Children's Literature (all forms)

Read Together, Aloud and Often

By Ann Crewdson


It’s hard to believe fall is here again and it’s the perfect time to pick up a book and read before the first winter frost! Patrons will start curling up with a book next to the library’s fake fireplace with their little ones by their side.  The library is always the place where there are plenty of great titles to choose from and our fondest wish is for our patrons to read together, aloud and often with their children.  And don’t forget to suggest that they point out words when they read, put on a play with puppets,  and sing the ABC.  Here are some tried and true companion books you can recommend without going wrong.



Books for Babies (birth to 12 months):



Begin Smart: What Does Baby Say? One of seven books in a series aimed at twelve to eighteen month old babies.  Baby eats cookies, drinks juice, pretends to bark, to looking inside mommy’s pocket book and waves bye-bye.  A lift-the flap book for baby, teaching object permanence–the knowledge that people, and objects continue to exist even when not in plain view.


Katz, Karen.  Ten Tiny Babies.  Karen Katz, best-selling author for her lift-the-flap books like “Where’s Baby’s Belly Button?”, puts ten tiny babies together.  Starting out with one baby running, another joins in spinning.  Soon we have babies bouncing, banging, shouting and wriggling their toes. One by one, more babies are added, making the group merrier–sipping, chewing and bathing.  Finally the ten tiny babies put on their PJs and crawl into bed, tuckered out after a raucous afternoon.


Michael Rex, Goodnight Goon. Margaret Wise Brown’s classic bedtime story has been transformed into a tale of mush gone wrong as a pot full of goo.  In this hilarious parody of “Goodnight Moon” we have “Goodnight tomb. Goodnight goon. Goodnight Martians taking over the moon.”  Charming pictures are replaced with goon paraphernelia: two slimy claws, a couple of jaws, a skull and a shoe.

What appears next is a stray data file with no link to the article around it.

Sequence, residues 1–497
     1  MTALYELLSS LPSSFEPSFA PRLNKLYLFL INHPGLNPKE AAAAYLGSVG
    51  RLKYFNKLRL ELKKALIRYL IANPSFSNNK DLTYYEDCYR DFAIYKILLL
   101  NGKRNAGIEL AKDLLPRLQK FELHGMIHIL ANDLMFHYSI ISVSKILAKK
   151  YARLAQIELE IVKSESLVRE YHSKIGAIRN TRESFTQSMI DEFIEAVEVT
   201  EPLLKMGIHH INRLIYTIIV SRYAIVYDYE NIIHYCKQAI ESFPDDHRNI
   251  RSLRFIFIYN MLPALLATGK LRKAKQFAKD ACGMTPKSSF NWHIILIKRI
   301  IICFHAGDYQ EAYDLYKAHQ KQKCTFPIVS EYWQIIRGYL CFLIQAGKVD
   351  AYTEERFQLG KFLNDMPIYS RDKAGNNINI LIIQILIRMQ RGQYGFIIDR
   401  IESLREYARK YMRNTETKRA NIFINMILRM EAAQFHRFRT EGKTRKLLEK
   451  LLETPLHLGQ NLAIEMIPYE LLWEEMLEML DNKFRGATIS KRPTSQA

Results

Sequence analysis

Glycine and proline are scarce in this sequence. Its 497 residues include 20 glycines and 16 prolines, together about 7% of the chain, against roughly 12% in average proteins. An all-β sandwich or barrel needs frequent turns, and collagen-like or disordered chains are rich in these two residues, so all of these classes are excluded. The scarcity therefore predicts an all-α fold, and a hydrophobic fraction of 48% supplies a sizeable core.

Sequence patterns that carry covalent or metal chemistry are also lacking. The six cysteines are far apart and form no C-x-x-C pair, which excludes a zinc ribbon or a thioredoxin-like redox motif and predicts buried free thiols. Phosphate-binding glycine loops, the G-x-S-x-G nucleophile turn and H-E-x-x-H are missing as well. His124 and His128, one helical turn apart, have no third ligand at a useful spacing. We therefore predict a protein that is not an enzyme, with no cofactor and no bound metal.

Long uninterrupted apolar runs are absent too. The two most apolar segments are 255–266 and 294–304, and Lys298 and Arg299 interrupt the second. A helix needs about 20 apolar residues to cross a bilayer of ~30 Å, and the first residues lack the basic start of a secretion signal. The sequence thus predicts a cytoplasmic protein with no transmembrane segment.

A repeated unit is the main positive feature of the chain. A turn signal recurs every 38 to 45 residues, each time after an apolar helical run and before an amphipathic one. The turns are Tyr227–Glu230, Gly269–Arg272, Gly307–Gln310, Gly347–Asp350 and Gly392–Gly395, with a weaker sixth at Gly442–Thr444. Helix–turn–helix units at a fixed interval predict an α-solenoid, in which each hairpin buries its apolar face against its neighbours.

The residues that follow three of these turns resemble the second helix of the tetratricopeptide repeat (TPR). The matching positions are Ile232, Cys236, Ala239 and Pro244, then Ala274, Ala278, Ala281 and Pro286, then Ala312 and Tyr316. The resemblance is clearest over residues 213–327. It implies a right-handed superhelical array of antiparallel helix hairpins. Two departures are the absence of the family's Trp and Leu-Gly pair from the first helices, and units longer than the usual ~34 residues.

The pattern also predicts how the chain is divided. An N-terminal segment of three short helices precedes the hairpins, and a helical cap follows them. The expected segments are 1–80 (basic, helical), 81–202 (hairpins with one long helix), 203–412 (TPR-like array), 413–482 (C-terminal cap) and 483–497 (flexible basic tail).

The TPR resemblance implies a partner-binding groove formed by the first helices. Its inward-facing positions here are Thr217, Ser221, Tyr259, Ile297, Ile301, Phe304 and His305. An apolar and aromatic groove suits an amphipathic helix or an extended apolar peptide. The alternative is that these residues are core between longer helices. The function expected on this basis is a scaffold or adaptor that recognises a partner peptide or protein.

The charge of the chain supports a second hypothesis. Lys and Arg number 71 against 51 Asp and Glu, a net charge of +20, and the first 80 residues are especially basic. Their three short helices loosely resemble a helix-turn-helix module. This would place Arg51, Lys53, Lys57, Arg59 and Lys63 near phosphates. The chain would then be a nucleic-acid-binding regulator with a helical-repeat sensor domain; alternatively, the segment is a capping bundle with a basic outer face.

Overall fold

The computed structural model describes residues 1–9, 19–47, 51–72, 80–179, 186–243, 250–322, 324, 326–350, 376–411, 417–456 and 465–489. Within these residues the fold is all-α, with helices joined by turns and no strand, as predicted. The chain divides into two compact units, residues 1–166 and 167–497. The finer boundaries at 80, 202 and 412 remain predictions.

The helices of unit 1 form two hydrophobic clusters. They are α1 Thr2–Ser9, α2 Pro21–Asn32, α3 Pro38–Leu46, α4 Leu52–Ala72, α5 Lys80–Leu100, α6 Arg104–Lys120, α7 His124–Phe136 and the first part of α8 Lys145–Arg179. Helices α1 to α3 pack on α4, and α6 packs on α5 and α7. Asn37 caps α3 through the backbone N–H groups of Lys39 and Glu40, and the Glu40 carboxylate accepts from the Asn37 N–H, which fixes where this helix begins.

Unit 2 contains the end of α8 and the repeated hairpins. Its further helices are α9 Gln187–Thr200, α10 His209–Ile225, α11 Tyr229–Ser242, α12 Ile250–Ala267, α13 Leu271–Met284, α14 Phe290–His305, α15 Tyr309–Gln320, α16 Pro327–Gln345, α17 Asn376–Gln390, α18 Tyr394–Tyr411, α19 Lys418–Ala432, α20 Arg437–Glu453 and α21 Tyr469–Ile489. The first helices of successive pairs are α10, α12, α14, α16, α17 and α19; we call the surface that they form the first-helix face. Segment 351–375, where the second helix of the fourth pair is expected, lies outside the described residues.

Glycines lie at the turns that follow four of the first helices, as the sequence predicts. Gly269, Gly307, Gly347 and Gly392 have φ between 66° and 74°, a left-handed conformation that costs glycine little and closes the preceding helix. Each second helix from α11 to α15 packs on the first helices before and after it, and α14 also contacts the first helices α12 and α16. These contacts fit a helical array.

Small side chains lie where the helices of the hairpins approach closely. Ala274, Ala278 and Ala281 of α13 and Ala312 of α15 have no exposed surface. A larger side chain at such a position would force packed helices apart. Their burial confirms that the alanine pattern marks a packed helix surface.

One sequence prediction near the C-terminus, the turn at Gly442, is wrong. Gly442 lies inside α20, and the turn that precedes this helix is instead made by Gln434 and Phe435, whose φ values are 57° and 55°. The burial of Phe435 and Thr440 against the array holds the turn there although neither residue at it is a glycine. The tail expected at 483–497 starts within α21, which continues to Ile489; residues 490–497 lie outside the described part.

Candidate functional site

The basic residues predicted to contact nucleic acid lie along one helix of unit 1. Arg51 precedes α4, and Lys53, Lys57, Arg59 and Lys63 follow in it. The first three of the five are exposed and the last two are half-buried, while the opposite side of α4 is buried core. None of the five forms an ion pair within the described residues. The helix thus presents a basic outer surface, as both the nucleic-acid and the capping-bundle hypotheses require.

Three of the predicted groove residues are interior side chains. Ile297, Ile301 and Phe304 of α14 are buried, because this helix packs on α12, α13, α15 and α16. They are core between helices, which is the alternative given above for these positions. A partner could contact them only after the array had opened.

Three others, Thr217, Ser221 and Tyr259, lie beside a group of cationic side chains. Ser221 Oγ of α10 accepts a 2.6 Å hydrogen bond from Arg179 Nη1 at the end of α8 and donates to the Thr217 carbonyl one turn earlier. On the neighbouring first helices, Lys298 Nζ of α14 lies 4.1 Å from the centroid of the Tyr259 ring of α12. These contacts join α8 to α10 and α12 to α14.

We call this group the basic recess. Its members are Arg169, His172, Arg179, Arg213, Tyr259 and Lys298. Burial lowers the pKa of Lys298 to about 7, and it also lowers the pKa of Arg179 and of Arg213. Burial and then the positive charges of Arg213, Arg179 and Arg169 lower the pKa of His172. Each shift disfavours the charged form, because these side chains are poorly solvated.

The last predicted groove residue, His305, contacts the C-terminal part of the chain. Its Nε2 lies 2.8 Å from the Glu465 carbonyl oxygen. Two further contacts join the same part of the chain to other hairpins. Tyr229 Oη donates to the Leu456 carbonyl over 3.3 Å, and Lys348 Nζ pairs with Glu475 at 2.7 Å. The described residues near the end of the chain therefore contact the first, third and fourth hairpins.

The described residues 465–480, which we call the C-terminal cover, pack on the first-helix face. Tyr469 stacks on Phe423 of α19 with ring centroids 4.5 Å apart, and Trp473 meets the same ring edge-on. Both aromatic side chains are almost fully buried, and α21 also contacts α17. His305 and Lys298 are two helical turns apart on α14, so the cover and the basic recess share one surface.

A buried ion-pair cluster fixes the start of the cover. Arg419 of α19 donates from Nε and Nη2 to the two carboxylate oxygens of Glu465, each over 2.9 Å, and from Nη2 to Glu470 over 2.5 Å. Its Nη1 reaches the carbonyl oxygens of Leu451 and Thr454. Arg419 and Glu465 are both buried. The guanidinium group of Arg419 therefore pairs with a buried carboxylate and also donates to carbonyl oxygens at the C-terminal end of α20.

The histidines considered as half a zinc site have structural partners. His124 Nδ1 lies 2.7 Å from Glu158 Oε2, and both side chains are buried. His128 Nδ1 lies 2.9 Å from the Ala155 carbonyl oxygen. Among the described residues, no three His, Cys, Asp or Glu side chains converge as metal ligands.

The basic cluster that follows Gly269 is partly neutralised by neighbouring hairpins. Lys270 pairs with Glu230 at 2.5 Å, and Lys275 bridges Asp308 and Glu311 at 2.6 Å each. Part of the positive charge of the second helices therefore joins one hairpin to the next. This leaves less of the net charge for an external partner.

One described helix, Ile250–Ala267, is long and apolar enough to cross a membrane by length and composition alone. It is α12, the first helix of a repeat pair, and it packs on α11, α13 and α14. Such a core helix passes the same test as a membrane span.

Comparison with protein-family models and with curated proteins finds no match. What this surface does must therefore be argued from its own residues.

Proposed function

Fox, Mem and Helen Oxenbury.  Ten Little Fingers and Ten Little Toes.  Babies featured from all over the world are drawn to chubby sizes.  Every baby has ten little fingers and ten little toes, no matter how many miles away they live, whether they are born on different days, live in the cold climate or the hot climate.  Every couple pages, ten little fingers and ten little toes appear in illustration and refrain, to allow parents and caregivers to count along with their children to ten.

 Books for Toddlers (12 to 24 months):


Kulka, Joe. Wolf’s Coming.  Wolf is coming and all the animals in the forest scurry and run.  They’re desperate to do something–is it to hide or is it a big cover-up surprise? With each page, a balloon floats up in the air, foreshadowing the ultimate event.  But readers will be surprised to find that it isn’t what they’d expect. 


Gruelle, Karen Gray. Bark Park. Inspired by the Dog Run in New York City’s Tompkin’s Square Park, dogs of various shapes and sizes, groomed and unruly, yip-yapping, strolling, and rolling through the day until night. Dogs in full activity on each page–friendly, playful and exploring the world. They finally exhaust themselves like children and settle down to nighty night dreams.